State officials: Travis case shows more auto title oversight needed


An evolving — and potentially expensive — scandal in the Travis County tax office regarding automobile title transfers served as a cautionary tale at the Capitol on Wednesday for why stronger tools are needed statewide to combat title fraud.

State regulators “still lack adequate oversight” resources to stamp out the problem, said Steven Ogle, general counsel of the Texas Sunset Advisory Commission. “That was underscored (last week) by the indictment and arrest” of seven people in Travis County — including four employees of the county’s tax office.

The fraud investigation became public last Friday when the arrests were announced. This week, the Statesman reviewed an audit that indicates Travis County could owe the state more than $1 million in uncollected state sales taxes because of faulty title transfers, meaning the paperwork required when vehicles are bought or sold.

The audit, conducted by Travis County, cited title transactions by a private company — Auto Title Service, located on East Cesar Chavez Street — which had been among a handful of small firms performing some of the work for the county. The company wasn’t mentioned in the arrest affidavits related to the fraud investigation.

In addition to the money that may be owed to the state, Travis County Tax Assessor-Collector Bruce Elfant has submitted a budget proposal to county commissioners for the upcoming fiscal year requesting an extra $920,000 to hire 14 additional employees for his office’s motor vehicle division. The request — made prior to the arrests — is aimed at improving what Elfant has acknowledged has been insufficient county scrutiny of the title paperwork.

Ogle, speaking Wednesday during a previously scheduled meeting of the Sunset Advisory Commission, outlined a series of measures designed to beef up the ability of the Texas Department of Motor Vehicles to oversee and regulate title transfers across the state. Every state agency periodically gets a top-to-bottom review by the sunset commission, and the DMV is among those that have been undergoing it this year.

Recommendations for the DMV by the sunset commission’s staff — all of which were developed before the arrests in Travis County — include mandating that counties competitively bid contracts, as well as adhere to “other basic government contracting standards” if they opt to use private companies for title work.

“For example, Travis County has been contracting with the same companies for decades — in one case since 1960 — with no periodic rebidding of these contracts,” the sunset staff report said.

Under state law, all 254 counties in Texas are allowed to authorize, or “deputize,” private businesses to process title transfers for them by enabling them to link into the motor vehicle department’s computer system, but only four do so — Travis, Bexar, Hidalgo and El Paso.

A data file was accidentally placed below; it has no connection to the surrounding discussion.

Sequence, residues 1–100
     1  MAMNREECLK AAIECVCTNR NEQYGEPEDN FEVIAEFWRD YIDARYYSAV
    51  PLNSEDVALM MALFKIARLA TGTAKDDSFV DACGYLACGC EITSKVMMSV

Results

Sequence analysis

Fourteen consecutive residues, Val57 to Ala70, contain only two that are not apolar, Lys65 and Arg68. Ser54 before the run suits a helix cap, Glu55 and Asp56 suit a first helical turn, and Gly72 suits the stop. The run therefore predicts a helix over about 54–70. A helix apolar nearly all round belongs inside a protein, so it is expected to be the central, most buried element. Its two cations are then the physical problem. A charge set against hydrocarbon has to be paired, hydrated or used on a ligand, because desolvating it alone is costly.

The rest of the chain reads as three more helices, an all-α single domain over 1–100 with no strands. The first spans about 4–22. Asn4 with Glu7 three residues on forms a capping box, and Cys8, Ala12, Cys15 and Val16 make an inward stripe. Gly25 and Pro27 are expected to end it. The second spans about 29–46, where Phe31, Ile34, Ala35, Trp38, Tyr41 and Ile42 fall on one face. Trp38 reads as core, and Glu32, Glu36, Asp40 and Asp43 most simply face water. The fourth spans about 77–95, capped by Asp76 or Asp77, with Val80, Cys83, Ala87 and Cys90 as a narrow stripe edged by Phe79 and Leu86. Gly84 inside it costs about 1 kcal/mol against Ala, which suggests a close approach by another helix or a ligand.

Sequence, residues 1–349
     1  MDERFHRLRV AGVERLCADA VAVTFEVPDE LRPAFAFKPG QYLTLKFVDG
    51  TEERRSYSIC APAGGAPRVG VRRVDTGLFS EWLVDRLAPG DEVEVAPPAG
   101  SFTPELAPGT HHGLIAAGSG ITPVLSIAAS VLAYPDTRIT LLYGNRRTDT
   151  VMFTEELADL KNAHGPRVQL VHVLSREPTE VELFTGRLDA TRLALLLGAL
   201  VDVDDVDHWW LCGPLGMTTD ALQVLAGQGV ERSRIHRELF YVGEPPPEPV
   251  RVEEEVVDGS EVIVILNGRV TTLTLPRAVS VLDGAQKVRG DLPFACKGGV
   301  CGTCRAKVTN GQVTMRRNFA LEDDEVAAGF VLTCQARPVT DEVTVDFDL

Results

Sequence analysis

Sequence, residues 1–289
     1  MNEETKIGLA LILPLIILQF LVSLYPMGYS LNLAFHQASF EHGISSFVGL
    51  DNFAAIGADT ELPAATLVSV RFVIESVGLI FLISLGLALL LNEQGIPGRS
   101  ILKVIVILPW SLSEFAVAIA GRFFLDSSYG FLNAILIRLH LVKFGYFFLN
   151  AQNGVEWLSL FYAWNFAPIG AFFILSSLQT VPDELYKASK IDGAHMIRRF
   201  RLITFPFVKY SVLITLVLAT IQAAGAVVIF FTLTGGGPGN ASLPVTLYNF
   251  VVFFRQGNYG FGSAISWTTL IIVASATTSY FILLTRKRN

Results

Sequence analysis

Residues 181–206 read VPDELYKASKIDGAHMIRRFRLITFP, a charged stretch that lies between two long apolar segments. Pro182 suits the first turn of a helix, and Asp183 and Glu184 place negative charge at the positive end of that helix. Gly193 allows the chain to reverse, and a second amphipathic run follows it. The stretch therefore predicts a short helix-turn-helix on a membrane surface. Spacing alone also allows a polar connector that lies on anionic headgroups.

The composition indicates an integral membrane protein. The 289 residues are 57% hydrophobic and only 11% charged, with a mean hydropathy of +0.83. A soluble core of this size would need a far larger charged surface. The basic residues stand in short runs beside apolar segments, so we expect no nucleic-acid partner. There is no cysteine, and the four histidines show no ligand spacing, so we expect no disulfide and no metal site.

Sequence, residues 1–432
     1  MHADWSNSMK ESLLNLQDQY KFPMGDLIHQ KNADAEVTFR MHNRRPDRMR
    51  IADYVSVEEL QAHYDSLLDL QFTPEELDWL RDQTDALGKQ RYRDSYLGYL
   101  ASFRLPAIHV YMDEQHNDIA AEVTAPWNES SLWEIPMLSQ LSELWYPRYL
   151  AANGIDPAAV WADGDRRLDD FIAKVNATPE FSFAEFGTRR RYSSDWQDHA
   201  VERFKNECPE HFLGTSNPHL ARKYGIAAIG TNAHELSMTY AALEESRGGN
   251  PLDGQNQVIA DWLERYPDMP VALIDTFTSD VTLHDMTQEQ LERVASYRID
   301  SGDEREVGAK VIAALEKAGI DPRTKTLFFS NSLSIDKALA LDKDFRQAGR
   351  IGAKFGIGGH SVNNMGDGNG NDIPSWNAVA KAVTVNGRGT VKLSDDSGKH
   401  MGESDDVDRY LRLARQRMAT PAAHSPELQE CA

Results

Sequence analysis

Two of the local companies that Travis County had been contracting with to help it conduct title work have now been kicked off the system by the DMV. Auto Title Service was kicked off in 2017 and has filed a lawsuit against the state to have its access reinstated, while another small company — Universal Auto Title, which had offices on Justin Lane — was kicked off about two months ago.

In both cases, the DMV cited numerous violations of state regulations governing title transfers, including collecting incorrect sales tax on certain types of transactions, processing title applications containing forged signatures and processing transactions that shouldn’t have taken place in Travis County.

Jennifer Riggs, an attorney for Auto Title Service, couldn’t be reached for comment Wednesday.

Previously, however, Riggs said any mistakes made by Auto Title Service were inadvertent and relatively minor. She said the DMV has been pretending “the sky is falling” regarding title transfers because its real objective is to drive the private companies out of business as part of an effort to exert more control over the process statewide.

Regardless, sunset advisory commission staff made clear Wednesday that the state has a big financial interest in making sure title transfers are conducted correctly and above board.

“Title transactions have considerable financial implications for the state in terms of the collection of state taxes and fees, generating about $1.6 billion in fee revenue in fiscal year 2017 alone and $9.8 billion in vehicle sales and rental taxes over the 2016–17 biennium,” the staff report said.

Among other recommendations, the sunset staff is advocating that the DMV be authorized to require mandatory fraud training for anyone tasked with processing title transfers in the state — including in counties that don’t use private contractors — as well as have the power “to audit or perform a compliance review of any entity providing registration and title services and access records needed to conduct audits or fraud investigations.”

Whitney Brewster, executive director of the Texas Department of Motor Vehicles, attended Wednesday’s sunset commission meeting and said she agreed with the recommendations.

“It is critically important to maintain the public’s trust while conducting business on behalf of the state,” Brewster said.



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